Non-Digital: The Arcane Mysteries of Descriptive Game Design

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I wrote about the booklet Manhattan 2010 here. It was an attempt to map out a childhood roleplaying game as a playable design.

In conceptual terms, there’s something very interesting going on here. Almost all game design is prescriptive. “This is how I think you should play the game.” However, in Manhattan 2010, the design is descriptive. “These rules are an attempt to capture a game that was actually played.”

A common goal for prescriptive game design is to make a game that works. A good game. The goal for the much rarer descriptive game design is to reflect the play that’s being described accurately.

Descriptive game design is so rare, in fact, that Manhattan 2010 is the only example I can think of. It’s elevated by the fact that its authors didn’t fudge it to make a good game. Instead, they tried to follow the nature of the original game as closely as possible. Perhaps the difference is highlighted in this game by the fact that Manhattan 2010 describes a childhood game with all its weird peculiarities.

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Year’s ago, I played in Mike Pohjola’s tabletop campaign Tähti. We played the members of a girl band in a near future cyberpunk world. The game was a great success, and Pohjola decided to use it as the basis for a published tabletop game book.

Unlike the designers of Manhattan 2010, Pohjola chose to go the more conventional and perhaps appealing route of using a private game as fodder for the construction of a playable set of instructions. The published Tähti didn’t reflect all the quirks and diversions of the actual tabletop campaign, choosing instead to streamline the whole thing into something approachable and fun.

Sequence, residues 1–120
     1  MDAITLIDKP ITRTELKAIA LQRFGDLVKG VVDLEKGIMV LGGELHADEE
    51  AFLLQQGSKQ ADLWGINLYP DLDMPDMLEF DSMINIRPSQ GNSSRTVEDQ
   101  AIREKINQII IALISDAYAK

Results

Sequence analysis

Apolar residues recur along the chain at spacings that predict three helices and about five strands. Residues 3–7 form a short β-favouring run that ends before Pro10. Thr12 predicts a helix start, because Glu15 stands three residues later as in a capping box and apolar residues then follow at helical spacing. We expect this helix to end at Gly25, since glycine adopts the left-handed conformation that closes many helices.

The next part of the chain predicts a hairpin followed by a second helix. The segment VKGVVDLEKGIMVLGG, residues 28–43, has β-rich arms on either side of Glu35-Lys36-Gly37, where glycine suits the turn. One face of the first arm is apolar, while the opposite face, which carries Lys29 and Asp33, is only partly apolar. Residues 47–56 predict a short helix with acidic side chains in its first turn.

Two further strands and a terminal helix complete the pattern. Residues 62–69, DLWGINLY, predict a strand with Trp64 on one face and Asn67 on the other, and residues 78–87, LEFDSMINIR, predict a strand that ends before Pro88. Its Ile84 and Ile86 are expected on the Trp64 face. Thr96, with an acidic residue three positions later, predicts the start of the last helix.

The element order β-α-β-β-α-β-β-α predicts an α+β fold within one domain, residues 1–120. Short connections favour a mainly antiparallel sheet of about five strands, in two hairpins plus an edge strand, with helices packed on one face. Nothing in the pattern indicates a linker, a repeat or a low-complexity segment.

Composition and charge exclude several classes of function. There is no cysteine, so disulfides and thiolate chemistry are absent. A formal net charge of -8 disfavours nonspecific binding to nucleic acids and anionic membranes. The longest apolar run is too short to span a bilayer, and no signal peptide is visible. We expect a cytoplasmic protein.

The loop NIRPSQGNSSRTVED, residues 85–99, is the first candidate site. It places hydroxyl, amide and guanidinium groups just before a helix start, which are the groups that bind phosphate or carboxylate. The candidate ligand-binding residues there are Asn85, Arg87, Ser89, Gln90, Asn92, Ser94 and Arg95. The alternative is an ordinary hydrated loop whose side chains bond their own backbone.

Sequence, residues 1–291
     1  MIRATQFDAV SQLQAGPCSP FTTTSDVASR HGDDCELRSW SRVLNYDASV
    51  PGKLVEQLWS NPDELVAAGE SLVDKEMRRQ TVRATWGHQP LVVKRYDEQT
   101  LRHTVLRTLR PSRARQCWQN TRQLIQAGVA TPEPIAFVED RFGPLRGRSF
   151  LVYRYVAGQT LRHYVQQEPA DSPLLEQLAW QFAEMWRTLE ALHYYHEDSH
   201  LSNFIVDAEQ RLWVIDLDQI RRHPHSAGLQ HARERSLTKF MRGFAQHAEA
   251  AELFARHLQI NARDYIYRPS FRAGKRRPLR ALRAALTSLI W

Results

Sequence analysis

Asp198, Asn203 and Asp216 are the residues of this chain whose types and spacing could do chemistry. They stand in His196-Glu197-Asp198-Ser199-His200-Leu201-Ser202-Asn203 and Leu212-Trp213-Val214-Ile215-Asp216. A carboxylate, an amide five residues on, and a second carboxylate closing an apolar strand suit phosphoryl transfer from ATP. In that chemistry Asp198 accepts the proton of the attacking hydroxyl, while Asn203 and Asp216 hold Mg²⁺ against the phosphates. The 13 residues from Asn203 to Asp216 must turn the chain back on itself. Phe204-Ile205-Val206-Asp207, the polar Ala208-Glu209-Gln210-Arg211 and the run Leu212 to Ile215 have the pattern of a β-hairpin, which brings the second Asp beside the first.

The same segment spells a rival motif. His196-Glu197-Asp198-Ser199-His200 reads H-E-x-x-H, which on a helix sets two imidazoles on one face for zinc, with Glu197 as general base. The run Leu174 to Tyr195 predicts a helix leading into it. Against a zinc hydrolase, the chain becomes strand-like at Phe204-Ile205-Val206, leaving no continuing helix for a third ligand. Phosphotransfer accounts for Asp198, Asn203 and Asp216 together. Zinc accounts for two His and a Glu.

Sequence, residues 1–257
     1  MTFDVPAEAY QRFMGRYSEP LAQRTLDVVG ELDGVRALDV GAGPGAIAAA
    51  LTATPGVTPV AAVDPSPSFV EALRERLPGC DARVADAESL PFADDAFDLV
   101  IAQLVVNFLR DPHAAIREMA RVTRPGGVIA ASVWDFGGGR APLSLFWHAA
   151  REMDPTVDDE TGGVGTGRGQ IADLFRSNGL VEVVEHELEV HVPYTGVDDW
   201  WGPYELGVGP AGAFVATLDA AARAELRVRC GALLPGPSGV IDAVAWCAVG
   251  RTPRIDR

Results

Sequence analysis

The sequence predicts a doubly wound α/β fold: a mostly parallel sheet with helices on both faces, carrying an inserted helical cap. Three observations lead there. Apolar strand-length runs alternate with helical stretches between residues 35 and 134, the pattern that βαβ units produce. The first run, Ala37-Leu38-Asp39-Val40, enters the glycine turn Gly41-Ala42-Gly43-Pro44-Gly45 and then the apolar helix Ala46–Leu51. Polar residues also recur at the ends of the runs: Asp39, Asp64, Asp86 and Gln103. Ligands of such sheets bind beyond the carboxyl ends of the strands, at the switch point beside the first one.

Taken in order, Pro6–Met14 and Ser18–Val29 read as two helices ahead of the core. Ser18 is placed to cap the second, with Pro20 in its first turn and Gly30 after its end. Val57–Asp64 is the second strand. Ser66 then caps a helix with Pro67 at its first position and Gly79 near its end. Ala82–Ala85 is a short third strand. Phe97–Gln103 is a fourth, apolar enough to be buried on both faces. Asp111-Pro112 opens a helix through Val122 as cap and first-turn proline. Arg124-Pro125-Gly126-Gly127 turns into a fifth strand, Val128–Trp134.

For someone who had actually played in the original campaign, the experience of reading the published book was almost alienating. “This was not the game we played.”

Trying to think of a descriptive game I could make, I’m drawn back to my childhood games, the same as the authors of Manhattan 2010. My descriptive game would be set in the fantasy world of Mystara, the setting of a certain incarnation of Dungeons & Dragons. It would be a GM vs. players game. The goal of the players would be to move their characters to the border of the map, and the goal of the GM would be to move the characters to Alfheim, because elves were cool.

(If you’re wondering why the player characters were going to the edge of the map, you’ll have to go back in time to ask my twelve-year old players.)

Other mechanics would involve exchanging candy for experience points and conspiring with the GM to kill another player’s character.